Providing essential primary health care for young offenders

The Pegasus Health nursing team, based at Te Puna Wai Tuhinapo Youth Justice Residence, is helping to transform the health and lives of young people who are ordered by the courts to stay at the facility.

Te Puna Wai is a 40-bed, secure facility near Rolleston that caters for young offenders from age 13 years to 20 years – the majority are male but at times females are required to stay there.

The Residential Youth Health Service at Te Puna Wai is staffed by five registered nurses led by Moyra (last name withheld for security reasons) who is the Clinical Lead.

“A lot of these kids are from gang backgrounds, there’s alcohol and drug abuse, neglect, poverty, parents with poor mental health, parents in prison and poor health education,” says Moyra.

“When a young person comes in, regardless of their length of stay, we offer as much health care to them as we can, we see it as a real window of opportunity. A lot of these kids have never had basic hearing, vision or dental care, so we try and cram as much care into them as we can possibly can.”

Te Puna Wai is one of five youth justice facilities in the country. It is the only one in Te Waipounamu (South Island) and the only one with an  independent primary health care team providing nursing services.

It receives young people from all over the country, with 70-80% being of Māori and Pasifika descent. They can stay for periods as short as one night and up to three years depending on the type of offending. Some transfer to a Corrections facility when they turn 18 years old.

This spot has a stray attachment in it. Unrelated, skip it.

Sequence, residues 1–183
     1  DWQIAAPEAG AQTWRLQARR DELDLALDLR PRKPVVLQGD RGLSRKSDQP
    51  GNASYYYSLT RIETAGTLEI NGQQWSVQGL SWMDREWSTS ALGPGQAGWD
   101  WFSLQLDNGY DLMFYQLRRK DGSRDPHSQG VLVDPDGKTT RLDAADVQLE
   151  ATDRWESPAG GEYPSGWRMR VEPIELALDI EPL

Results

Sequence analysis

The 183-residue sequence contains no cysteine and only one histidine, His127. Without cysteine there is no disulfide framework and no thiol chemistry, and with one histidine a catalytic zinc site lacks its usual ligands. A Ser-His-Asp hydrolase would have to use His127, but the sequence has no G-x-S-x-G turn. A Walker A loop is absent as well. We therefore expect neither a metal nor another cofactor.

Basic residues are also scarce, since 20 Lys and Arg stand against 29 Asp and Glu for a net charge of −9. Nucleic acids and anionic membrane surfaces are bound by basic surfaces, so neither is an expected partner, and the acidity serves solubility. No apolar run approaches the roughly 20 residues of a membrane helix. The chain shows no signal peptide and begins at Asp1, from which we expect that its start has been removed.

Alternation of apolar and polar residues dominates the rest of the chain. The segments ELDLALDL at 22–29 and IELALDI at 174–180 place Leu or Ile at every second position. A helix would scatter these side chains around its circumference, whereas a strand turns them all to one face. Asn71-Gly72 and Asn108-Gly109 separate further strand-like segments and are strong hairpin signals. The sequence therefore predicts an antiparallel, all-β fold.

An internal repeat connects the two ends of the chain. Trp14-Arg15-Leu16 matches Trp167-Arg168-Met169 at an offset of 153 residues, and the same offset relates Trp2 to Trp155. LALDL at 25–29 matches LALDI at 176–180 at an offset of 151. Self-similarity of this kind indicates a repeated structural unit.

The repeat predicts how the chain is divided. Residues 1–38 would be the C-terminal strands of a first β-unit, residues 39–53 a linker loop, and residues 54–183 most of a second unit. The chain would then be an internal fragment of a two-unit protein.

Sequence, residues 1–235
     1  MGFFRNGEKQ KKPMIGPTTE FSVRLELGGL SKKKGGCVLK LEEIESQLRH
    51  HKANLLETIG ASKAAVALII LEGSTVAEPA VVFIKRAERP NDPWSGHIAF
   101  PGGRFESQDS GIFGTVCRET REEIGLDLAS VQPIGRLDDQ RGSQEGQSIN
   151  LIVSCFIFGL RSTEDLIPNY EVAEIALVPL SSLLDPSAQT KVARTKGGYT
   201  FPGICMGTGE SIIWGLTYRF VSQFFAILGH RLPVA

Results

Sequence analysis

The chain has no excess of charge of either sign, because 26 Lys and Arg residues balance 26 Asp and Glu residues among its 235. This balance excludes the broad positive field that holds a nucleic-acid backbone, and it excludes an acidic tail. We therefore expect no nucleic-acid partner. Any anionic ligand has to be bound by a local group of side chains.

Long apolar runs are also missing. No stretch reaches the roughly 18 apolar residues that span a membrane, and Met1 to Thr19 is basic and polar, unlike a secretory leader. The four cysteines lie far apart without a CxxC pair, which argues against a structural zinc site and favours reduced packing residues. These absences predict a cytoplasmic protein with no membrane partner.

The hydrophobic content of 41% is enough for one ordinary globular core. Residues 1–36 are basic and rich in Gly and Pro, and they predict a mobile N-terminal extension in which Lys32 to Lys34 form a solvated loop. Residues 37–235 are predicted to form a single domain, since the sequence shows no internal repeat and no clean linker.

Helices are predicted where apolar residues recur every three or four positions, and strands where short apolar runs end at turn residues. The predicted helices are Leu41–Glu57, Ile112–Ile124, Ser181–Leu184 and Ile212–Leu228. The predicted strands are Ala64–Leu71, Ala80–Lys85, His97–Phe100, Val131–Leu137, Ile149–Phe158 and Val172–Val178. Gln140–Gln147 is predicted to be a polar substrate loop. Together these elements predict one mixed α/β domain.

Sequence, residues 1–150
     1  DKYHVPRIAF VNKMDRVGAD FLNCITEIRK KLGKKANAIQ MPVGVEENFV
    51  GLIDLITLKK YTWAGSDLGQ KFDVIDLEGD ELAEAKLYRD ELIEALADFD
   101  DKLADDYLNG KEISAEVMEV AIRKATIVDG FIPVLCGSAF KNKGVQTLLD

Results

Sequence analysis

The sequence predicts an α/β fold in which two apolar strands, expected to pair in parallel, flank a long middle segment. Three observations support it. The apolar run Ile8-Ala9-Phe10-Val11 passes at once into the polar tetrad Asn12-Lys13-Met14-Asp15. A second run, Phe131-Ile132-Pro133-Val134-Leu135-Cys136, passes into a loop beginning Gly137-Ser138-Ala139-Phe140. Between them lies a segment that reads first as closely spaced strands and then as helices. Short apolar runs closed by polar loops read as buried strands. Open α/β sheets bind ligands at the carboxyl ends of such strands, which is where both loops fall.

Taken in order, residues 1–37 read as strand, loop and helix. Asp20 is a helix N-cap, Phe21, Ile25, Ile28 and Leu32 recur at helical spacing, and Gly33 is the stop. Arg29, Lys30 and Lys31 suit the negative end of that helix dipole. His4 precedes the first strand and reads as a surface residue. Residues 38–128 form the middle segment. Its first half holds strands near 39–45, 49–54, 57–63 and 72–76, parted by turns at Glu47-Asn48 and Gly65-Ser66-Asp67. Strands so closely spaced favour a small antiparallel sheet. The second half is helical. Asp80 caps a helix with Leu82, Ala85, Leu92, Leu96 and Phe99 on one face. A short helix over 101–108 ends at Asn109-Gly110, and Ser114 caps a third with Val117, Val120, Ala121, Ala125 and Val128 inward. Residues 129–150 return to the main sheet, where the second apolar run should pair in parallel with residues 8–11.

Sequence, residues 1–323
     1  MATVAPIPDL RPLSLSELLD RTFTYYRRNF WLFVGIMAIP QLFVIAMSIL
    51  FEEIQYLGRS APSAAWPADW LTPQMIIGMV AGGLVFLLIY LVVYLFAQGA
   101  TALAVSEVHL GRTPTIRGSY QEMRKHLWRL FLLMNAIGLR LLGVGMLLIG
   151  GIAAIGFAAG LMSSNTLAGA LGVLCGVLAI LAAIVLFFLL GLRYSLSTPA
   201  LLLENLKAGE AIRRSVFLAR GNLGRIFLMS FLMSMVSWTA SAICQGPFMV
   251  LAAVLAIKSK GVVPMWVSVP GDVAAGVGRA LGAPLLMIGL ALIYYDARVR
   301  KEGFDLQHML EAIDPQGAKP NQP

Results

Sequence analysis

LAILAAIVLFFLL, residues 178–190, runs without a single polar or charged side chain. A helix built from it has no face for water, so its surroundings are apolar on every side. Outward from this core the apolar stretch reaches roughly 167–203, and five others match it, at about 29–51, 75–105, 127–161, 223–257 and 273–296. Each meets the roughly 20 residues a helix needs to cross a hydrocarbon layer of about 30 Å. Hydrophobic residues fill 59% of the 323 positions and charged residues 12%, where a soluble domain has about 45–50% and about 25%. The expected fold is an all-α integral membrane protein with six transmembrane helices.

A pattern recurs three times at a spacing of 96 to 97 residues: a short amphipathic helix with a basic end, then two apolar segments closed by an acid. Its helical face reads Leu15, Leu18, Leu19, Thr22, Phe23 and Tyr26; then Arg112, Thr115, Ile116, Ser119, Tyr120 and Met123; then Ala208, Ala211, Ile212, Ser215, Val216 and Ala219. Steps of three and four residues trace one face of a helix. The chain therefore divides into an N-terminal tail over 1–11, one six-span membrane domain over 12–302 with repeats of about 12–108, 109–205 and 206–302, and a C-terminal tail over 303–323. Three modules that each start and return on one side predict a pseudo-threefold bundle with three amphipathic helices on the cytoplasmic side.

“Sadly, for some of the young people this is the best time of their lives – they blossom, they get regular meals, they are safe at night, and they receive excellent health care. We have a doctor’s clinic here twice a week run by a GP from 298 Youth Health, a physio clinic once a fortnight, ear suction clinics once every six months; lots of things they wouldn’t seek help
for in the community.

“Up to 70% of the young people we see aren’t registered with a GP. Sometimes the most equitable health outcomes and interventions for primary health care can happen once they reach prison because there are less barriers to access,” says Moyra.

“Education is also a big part of what we do. We don’t like what they have done, but we really enjoy them and we feel passionate about doing
the best we can for these kids, because they’ve missed out on so much.”

Cover image: (From left) Reuben (student nurse) and members of the Residential Youth Health Service team at Te Puna Wai Tuhinapo Youth Justice Residence, Sarah (Registered Nurse), Moyra (Clinical Lead) and Leanne (Registered Nurse). Karen and Rebekah (absent).


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